It is the demand for end-product that can trigger the whole chain from plastics converting, up to polymer feedstock production and to E&P of hydrocarbons, the latter being challenged today by lower export prices and instability of supply.
Sergey Zhidkih, Director of Basic Polymers Sales Department at Sibur, described the per capita plastics consumption gap that can illustrate the potential growth of demand for petrochemical products. According to him, Russia’s consumption of plastic insulation stands at 50 cubic metersper 1000 people, while the same figure in the US equals to 260 cubic meters, in Sweden to 360 cubic meters. Plastic pipes in Europe are occupying almost the half of the pipes market, while their share in Russia is 25%. About 200 kg of plastic materials are used per vehicle in modern automotive construction. Localization rate of the automotive industry in Russia has reached 70%, but many plastic parts are being imported. Above said, the growth of plastics consumption in Russia is possible. In order to succeed in this, systemic measures of demand stimulation are very important. Apart from this, the development of petrochemical industry needs higher levels of industrial engineering localization. This requires coordinated efforts by the Government, industrial consumers and equipment suppliers.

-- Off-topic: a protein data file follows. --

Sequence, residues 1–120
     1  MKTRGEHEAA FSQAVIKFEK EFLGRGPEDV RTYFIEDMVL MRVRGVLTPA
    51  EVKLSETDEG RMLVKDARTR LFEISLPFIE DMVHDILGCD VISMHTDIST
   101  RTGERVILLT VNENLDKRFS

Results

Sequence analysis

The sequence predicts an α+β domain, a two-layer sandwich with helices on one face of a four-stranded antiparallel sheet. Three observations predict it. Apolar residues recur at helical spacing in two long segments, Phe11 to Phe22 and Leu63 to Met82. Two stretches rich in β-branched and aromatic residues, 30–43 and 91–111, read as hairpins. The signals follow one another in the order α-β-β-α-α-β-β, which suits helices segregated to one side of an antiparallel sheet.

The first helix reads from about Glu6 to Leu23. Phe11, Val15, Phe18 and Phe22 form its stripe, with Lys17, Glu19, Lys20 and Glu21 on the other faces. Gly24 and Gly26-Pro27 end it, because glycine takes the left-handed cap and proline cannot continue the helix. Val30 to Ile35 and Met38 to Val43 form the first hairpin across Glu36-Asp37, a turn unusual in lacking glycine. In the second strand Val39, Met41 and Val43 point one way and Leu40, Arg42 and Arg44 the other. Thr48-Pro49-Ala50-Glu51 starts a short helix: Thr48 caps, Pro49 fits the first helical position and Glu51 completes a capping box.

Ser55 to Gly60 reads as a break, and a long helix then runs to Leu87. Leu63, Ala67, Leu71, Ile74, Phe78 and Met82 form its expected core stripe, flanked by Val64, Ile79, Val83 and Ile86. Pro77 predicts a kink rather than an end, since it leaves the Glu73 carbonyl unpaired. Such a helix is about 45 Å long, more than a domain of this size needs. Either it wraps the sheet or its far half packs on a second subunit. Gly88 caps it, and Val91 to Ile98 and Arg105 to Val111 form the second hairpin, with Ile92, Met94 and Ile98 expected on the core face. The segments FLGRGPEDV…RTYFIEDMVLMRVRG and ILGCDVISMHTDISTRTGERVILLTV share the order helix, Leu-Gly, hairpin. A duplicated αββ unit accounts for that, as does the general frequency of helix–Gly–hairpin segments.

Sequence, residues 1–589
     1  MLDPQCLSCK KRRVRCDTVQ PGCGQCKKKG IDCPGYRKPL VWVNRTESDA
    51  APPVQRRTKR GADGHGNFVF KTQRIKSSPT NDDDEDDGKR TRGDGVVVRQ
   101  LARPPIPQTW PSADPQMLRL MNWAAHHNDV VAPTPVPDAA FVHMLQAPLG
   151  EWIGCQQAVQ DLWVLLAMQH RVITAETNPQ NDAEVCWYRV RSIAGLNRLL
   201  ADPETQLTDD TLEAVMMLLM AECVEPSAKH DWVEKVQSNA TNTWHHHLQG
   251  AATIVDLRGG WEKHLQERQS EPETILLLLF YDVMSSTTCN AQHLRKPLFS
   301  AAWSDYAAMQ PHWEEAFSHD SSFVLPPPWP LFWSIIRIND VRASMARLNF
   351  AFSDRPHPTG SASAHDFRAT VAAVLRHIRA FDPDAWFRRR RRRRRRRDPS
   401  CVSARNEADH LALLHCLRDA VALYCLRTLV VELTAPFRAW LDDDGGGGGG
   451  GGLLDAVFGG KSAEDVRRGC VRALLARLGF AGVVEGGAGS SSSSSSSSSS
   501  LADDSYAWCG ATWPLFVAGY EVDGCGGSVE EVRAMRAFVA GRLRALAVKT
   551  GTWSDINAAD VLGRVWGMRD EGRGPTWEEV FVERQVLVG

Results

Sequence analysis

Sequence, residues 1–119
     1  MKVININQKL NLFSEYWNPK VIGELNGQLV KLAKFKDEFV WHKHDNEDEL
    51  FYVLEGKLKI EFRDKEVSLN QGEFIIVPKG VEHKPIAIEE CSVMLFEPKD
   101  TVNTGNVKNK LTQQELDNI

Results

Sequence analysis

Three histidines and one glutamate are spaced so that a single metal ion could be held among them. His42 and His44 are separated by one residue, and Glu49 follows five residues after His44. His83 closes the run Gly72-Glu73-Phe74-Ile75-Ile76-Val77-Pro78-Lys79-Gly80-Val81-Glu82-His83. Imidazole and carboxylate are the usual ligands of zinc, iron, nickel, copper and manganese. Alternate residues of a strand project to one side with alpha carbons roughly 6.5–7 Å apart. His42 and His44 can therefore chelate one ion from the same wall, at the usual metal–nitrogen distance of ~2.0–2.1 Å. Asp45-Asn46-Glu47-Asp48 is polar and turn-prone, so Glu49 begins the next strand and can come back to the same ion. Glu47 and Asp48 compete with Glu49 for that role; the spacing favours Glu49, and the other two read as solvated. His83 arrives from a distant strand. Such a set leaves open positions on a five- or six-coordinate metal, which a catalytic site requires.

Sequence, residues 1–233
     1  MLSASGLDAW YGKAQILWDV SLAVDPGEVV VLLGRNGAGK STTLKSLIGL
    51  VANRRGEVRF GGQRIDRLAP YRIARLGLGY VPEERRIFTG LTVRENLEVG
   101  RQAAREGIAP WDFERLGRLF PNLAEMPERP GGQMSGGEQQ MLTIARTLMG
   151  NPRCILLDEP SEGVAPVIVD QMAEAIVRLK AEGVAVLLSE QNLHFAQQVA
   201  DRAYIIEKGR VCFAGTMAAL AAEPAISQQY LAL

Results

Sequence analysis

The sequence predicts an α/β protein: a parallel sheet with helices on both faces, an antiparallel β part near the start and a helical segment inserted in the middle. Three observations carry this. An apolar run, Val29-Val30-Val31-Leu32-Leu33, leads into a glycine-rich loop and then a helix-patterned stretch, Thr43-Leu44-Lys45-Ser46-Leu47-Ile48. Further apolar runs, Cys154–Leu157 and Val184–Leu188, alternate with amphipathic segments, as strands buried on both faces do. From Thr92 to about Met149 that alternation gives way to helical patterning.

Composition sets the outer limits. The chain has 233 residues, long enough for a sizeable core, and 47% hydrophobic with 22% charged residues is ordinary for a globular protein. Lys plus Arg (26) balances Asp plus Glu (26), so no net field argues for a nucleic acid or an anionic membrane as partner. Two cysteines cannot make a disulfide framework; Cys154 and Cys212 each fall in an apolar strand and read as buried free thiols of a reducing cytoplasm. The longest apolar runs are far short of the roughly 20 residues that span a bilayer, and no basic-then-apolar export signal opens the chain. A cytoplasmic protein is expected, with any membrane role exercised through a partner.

Frequent appeals to the Government voiced by very successful companies were not accidental at the Forum. The event has long established itself as the recognized GR tool and the platform where entrepreneurs can share their views and propose regulating measures to the ministries and institutions.
With this respect, Polyplastic Group, a major manufacturer of plastic pipes in Russia, put forward their proposals for development of plastics converting in the country. Miron Gorilovsky, Head of the Group, urged to cut the import duties on black PE pipe grades to zero, as the current shortage of the feedstock is offset by counterfeit substitutes. In turn, surrogates can cause accidents in gas and water pipelines, thus ultimately undermining the credibility of plastic pipes as a product.
The quality of materials is a topic of concern for converting companies as well as for plastics manufacturers and suppliers. There are PE grades in the market produced under Western license, but not accepted for pressure pipes applications by the State Standard (GOST). Ludmila Bakhar, General Director of Ormos-Polymer Company, suggested that certain state standards be revised, but Miron Gorilovsky disagreed, stressing once again the danger of possible implications over quality.